A crook only a mother could love, Jesse James was born in Clay County, Missouri, on September 5, 1847, to Robert and Zerelda James. Zerelda had her hands full with Jesse and his older brother Frank, among other siblings. This was a case of motherly love…taken to the grave!
When the Civil War called, young Jesse watched Frank march off to fight for the rebellion. In 1864, as a teenager, Jesse himself rode off to join the Confederate guerrillas.
When the war ended, Jesse and Frank kept going—acting as modern-day Robin Hoods—robbing trains, banks and stagecoaches, and committing crimes of a much darker nature long after. These actions cost their dear mother, Zerelda, an arm and a leg—nearly literally.
They Cost Their Mother Her Arm
Wild West bounty hunters, the Pinkerton Detective Agency was famous for infiltrating the Reno gang, the group behind the country’s first train robbery, and chasing Butch Cassidy. The Pinkertons were the A-Team, but in the 1870s they were thrown through a loop trying to track down Jesse and Frank.
The hunt came to a fatal end in 1875, when the Pinkertons raided Zerelda James’ Clay County home. Tipped off, Frank and Jesse were long gone, but Zerelda stayed put for her boys. During the standoff between the Pinkertons and Zerelda, an incendiary device was tossed into the family home, blowing off part of Zerelda’s right arm, which later had to be amputated. Jesse and Frank’s younger half-brother was also a victim, dying in the attack.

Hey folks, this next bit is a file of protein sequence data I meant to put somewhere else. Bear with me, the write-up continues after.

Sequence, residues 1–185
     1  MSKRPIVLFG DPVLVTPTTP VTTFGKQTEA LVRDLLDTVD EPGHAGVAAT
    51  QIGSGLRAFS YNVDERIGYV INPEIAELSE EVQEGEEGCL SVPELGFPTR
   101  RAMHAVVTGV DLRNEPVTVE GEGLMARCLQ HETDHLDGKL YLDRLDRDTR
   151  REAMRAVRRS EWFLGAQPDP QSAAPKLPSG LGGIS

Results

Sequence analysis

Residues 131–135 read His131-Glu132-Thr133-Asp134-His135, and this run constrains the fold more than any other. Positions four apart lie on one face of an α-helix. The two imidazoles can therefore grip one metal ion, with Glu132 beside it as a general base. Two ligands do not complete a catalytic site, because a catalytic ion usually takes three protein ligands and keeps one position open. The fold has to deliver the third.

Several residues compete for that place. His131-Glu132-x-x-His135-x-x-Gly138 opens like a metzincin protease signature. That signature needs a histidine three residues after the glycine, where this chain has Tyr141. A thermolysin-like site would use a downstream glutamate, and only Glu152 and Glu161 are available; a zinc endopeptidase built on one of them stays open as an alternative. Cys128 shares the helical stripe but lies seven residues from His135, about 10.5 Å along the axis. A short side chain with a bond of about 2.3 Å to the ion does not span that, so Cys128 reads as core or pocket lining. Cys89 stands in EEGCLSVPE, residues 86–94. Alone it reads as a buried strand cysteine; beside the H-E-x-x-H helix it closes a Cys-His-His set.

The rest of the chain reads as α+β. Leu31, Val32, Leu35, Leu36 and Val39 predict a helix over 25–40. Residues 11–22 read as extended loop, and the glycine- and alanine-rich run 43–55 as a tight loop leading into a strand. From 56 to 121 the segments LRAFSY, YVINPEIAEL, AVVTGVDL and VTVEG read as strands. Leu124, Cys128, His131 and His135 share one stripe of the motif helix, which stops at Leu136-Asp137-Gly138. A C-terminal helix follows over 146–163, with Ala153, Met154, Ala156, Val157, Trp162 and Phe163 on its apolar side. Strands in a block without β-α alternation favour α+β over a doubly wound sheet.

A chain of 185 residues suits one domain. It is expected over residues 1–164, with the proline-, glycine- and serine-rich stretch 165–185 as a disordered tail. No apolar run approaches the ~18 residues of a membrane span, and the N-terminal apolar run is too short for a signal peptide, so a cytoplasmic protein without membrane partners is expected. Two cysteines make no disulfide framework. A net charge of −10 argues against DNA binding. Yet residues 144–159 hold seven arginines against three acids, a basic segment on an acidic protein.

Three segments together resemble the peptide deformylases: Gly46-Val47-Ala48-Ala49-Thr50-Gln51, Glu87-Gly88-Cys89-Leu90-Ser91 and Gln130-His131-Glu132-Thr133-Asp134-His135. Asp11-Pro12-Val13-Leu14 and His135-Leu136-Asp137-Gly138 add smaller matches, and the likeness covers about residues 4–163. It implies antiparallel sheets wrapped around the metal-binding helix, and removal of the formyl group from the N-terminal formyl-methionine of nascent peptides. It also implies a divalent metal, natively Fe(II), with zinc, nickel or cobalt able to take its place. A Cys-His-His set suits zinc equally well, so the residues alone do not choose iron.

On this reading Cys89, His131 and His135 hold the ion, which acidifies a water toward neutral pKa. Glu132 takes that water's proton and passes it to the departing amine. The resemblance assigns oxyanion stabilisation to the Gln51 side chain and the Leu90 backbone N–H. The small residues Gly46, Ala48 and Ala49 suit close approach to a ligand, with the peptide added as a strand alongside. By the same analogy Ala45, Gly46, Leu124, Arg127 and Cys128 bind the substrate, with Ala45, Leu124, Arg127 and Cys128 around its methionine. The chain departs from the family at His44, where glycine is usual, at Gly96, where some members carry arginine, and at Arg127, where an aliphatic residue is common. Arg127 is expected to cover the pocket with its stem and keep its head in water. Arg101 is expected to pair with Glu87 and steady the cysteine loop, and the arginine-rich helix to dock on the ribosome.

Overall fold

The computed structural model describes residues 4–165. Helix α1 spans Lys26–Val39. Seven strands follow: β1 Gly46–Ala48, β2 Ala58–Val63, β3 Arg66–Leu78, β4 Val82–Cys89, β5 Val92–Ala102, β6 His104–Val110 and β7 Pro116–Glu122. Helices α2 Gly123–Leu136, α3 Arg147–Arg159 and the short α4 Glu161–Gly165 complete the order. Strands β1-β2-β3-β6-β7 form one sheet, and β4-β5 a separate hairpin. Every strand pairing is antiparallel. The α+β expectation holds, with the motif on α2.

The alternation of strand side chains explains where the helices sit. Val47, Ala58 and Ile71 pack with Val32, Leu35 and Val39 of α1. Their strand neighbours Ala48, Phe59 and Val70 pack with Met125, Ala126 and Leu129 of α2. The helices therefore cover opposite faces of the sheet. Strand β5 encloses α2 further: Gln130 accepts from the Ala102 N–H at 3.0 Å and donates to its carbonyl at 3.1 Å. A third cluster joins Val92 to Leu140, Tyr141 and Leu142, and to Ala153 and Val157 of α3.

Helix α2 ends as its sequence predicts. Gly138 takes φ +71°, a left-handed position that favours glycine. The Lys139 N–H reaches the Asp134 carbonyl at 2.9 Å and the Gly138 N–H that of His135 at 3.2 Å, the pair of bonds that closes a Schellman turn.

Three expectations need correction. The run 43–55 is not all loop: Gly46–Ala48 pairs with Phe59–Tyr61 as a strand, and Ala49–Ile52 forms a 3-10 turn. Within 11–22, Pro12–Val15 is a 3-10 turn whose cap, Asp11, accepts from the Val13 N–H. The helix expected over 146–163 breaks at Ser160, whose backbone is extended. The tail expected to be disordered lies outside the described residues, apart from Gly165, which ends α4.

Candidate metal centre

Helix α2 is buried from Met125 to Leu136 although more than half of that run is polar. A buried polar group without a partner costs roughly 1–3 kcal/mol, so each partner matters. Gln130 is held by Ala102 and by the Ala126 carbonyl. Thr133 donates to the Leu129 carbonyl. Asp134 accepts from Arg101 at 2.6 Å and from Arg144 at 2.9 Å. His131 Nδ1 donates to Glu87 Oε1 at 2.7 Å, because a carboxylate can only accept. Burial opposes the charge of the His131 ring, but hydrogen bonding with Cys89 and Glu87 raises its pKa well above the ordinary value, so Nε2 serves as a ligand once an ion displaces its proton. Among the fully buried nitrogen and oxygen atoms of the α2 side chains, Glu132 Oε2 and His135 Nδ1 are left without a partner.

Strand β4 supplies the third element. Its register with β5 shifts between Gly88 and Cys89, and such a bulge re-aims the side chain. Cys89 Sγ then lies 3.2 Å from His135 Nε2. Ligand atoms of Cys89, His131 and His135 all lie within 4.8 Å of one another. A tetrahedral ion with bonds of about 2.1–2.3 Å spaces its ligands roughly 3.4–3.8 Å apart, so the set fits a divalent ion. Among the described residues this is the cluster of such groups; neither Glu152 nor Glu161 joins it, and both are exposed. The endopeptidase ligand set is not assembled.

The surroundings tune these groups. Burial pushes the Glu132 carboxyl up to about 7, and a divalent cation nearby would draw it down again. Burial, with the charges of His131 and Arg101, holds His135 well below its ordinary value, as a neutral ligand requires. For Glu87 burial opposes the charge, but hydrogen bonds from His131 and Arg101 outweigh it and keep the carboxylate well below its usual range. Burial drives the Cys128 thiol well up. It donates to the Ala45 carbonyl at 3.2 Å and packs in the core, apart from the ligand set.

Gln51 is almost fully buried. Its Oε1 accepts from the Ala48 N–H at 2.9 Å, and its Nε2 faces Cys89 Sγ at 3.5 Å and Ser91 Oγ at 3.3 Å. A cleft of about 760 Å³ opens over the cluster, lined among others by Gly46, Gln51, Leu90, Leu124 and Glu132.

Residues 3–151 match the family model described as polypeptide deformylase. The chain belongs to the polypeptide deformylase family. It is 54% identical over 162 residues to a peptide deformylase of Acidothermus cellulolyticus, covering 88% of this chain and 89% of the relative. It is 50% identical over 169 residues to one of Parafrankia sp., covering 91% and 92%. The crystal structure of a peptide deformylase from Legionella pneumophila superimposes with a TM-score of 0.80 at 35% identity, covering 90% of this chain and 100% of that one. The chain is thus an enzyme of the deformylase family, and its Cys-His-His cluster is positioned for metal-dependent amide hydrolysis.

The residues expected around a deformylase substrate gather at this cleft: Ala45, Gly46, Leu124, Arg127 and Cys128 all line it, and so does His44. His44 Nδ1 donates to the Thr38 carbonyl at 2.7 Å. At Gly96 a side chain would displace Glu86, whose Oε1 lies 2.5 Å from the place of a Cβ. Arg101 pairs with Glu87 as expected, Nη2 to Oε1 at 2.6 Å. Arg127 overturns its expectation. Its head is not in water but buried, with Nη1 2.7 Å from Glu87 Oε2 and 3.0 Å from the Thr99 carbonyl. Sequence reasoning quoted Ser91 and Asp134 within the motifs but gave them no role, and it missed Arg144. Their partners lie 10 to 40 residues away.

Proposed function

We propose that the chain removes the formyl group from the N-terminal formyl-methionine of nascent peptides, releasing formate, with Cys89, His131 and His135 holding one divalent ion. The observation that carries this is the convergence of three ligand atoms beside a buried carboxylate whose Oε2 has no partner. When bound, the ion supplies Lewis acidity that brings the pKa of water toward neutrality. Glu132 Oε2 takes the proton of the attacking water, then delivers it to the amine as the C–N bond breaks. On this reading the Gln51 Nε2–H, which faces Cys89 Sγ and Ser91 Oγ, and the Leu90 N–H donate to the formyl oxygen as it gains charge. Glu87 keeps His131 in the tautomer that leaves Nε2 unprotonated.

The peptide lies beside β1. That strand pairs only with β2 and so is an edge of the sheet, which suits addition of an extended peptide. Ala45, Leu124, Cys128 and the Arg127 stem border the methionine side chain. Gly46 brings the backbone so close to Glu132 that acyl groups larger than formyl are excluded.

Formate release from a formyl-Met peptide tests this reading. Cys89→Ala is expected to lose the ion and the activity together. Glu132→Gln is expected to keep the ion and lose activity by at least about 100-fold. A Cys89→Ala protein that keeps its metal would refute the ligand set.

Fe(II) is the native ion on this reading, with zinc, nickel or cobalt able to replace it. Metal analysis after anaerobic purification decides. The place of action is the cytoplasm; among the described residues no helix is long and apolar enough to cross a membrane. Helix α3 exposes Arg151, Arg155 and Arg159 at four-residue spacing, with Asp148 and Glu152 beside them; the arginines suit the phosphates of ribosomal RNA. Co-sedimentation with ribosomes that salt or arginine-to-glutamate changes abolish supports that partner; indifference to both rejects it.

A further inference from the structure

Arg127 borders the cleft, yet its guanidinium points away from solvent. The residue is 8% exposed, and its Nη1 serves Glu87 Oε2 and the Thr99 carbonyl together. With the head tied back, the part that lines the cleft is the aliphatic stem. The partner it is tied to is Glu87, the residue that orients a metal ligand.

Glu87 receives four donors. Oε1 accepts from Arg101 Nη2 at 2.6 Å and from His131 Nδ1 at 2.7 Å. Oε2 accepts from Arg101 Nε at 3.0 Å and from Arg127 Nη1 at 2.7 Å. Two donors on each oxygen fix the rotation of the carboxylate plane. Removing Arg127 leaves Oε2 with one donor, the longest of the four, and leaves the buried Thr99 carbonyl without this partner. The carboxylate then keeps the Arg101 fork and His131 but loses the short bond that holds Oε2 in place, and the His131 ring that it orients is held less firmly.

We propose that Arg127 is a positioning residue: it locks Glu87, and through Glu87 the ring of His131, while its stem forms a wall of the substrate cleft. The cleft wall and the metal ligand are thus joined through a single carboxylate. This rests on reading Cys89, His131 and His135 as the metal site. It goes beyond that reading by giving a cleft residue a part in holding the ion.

Public opinion quickly turned on the Pinkerton Detective Agency and the war against the James gang was called off.
In Loving Memory
Jesse went on to evade authorities for another seven years before being assassinated in 1882. But, just like Jesse and Frank found their fortune robbing and stealing, their mother also knew how to make a quick buck in their name after death.
Soon after Jesse was buried, Zerelda began giving tours of their home, even selling souvenirs. For 25 cents, visitors could buy a pebble from Jesse’s grave in the front yard. When the supply of rocks got low, Zerelda simply restocked them from a nearby creek.
Jesse’s epitaph read “In Loving Memory of my Beloved Son, Murdered by a Traitor and Coward Whose Name is not Worthy to Appear Here”.
The home’s gravesite no longer no contains Jesse’s remains, as he was moved to Mt. Olivet Cemetery in Kearney, Missouri in 1902, but Clay County still promotes the James family home. Charging $6.50 to tour the Jesse James Farm and Museum, visitors can still purchase a pebble for just 25 cents!